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News + PoliticsProtestIs protesting in traffic 'false imprisonment?'

Is protesting in traffic ‘false imprisonment?’

Then what about Waymo blocking a highway entrance ramp?


District Attorney Brooke Jenkins has not yet filed charges against the Gaza protesters who blocked the Golden Gate Bridge, but she has come forward with a novel legal theory that could be used as a weapon against a wide range of protesters now and in the future:

She’s suggesting that people who blocked traffic could be guilty of false imprisonment.

Yes: If you are at a protest—any protest, anywhere—that interferes with the right of everyone to drive on a street or highway without having to slow down—you could be charged with a crime that in some instances might be a felony.

DA Brooke Jenkins is trying a novel, and dangerous, legal strategy

You could also be forced to pay “restitution.”

Blocking the Golden Gate Bridge, or the Bay Bridge, is a serious political decision. The protesters made people late for work, late for school, late for child care, in some cases late for medical appointments, and made a lot of potential supporters angry … the determination of whether that justifies the cause is not easy.

But for many years, in the face of profound injustice, stopping “Business as Usual” has been a venerable tactic.

I was arrested once in a series of demonstrations at the Lawrence Livermore nuclear weapons lab in the early 1980s, and some of those events blocked entrance to the place for an entire day, keeping people from work and shutting down roadways. Protesters blocked the opening of the Diablo Canyon nuclear plant for so long that it gave a young engineer time to come forward and say that critical safety features were installed wrong.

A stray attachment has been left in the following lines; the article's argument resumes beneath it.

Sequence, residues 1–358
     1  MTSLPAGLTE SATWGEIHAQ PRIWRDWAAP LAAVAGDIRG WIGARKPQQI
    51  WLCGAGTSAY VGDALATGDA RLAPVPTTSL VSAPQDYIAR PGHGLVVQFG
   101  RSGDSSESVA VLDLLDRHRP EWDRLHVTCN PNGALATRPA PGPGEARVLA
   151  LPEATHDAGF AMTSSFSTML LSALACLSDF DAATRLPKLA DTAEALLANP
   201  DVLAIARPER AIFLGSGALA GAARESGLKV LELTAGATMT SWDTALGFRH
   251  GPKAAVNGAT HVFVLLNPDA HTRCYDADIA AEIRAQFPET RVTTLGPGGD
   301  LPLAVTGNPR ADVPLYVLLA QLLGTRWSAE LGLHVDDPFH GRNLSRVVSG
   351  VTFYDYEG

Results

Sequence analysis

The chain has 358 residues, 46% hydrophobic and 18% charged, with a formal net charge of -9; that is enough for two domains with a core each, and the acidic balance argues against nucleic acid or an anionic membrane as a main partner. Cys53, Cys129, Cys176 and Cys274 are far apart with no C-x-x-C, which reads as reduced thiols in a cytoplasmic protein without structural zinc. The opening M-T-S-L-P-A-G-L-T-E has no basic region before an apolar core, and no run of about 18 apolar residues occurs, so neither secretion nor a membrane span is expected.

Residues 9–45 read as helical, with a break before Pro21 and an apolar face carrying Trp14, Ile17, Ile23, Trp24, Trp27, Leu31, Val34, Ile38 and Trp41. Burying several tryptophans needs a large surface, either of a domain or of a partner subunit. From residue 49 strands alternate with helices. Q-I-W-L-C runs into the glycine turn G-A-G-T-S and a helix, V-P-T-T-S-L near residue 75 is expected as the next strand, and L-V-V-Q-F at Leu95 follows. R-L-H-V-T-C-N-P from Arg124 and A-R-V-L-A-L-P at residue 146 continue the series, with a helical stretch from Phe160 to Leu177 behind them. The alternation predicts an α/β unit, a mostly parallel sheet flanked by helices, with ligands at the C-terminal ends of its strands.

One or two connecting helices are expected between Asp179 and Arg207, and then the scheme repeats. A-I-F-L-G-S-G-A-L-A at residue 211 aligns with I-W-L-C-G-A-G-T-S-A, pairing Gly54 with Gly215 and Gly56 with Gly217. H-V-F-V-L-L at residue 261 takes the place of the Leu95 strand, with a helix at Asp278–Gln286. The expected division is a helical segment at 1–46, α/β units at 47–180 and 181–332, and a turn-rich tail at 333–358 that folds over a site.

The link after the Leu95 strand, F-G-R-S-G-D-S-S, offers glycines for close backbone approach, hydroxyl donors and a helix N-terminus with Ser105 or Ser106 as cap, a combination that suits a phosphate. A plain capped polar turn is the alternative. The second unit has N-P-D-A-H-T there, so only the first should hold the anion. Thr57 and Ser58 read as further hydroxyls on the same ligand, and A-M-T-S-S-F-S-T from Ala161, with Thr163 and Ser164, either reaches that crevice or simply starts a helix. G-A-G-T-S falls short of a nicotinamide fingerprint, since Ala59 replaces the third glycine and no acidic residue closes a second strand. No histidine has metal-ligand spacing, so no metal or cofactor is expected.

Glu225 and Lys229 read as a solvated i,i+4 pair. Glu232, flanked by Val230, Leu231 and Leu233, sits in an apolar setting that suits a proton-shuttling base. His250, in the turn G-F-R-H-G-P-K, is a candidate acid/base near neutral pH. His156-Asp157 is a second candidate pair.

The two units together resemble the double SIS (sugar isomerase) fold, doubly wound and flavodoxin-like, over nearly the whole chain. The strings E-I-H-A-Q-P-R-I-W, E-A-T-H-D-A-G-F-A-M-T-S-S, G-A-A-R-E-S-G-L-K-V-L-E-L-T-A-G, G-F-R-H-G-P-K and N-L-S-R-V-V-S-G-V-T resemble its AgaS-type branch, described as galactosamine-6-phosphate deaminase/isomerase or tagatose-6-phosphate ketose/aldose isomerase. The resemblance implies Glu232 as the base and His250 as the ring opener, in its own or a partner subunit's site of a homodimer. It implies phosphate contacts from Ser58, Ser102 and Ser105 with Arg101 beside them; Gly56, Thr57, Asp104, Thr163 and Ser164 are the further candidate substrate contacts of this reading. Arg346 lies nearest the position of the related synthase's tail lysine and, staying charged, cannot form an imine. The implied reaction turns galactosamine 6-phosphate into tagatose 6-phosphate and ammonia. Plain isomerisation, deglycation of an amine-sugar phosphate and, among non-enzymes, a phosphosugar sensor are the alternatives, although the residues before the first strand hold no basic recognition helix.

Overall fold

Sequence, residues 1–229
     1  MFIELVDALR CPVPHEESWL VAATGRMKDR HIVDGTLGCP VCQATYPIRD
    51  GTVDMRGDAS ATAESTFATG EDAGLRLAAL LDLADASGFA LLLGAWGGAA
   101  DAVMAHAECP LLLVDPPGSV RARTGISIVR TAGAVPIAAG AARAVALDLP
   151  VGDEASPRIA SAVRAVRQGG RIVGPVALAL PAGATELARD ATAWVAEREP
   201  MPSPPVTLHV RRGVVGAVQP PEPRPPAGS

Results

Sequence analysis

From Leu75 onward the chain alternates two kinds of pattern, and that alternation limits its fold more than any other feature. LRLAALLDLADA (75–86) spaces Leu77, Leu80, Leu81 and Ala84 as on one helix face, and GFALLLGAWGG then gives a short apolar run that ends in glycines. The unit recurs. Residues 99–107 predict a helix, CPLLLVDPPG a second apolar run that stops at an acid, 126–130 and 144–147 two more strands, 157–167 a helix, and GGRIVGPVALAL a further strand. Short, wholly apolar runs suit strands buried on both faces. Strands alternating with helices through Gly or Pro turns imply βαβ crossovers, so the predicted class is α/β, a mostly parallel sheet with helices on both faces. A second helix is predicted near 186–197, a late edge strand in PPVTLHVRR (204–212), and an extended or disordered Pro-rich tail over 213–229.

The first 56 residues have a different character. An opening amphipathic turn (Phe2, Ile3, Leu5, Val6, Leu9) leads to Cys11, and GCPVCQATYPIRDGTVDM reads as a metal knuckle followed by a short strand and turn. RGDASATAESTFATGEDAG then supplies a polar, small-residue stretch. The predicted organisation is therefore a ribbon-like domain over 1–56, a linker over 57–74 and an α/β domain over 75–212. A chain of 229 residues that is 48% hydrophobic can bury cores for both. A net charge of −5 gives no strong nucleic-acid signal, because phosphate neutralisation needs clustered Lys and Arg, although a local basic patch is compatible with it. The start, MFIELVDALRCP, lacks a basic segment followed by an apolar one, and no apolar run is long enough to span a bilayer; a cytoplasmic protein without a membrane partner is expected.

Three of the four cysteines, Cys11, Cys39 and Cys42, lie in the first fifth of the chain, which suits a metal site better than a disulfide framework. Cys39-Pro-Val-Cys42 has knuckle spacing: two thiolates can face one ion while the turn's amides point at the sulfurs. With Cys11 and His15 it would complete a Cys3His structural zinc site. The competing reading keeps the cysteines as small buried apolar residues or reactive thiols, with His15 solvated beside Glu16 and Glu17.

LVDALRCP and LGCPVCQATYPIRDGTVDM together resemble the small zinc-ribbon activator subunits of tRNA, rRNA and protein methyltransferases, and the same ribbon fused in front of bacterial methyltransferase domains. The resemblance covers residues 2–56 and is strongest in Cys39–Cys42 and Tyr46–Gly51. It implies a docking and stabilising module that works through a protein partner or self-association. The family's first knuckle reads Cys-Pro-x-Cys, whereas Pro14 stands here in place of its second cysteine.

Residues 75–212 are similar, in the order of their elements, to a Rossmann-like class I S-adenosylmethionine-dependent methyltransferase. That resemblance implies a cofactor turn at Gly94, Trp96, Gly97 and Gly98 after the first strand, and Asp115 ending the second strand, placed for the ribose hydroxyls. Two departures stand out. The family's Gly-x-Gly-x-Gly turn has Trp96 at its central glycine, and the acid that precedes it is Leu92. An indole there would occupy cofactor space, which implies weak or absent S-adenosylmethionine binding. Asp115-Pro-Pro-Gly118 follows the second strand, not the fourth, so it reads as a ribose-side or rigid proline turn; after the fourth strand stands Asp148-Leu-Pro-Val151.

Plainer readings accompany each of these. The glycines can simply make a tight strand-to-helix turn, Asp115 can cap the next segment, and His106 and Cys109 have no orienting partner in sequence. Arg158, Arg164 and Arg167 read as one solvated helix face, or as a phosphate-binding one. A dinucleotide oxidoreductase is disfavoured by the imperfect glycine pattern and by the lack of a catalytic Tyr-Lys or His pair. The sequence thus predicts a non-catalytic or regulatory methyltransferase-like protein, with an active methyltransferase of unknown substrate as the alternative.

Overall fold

After the invasion of Iraq, tens of thousands of people flooded the streets of San Francisco, shutting much of the city down.

I have been to probably 100 demonstrations that in one way or another interrupted traffic.

Were the drivers who had to wait for the cops to clear things up “imprisoned?” I’ve never heard that concept before.

Rachel Lederman, a lawyer for the 26 people arrested on the Golden Gate Bridge, told me that it’s too early to know if the DA will try to press those charges—or whether a judge would even consider them.

But it’s a potentially dangerous precedent.

Lots of people on social media are asking: Should Waymo be liable for “false imprisonment” when one of its cars blocked traffic on Highway 101?


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Tim Redmond
Tim Redmond
Tim Redmond has been a political and investigative reporter in San Francisco for more than 30 years. He spent much of that time as executive editor of the Bay Guardian. He is the founder of 48hills.


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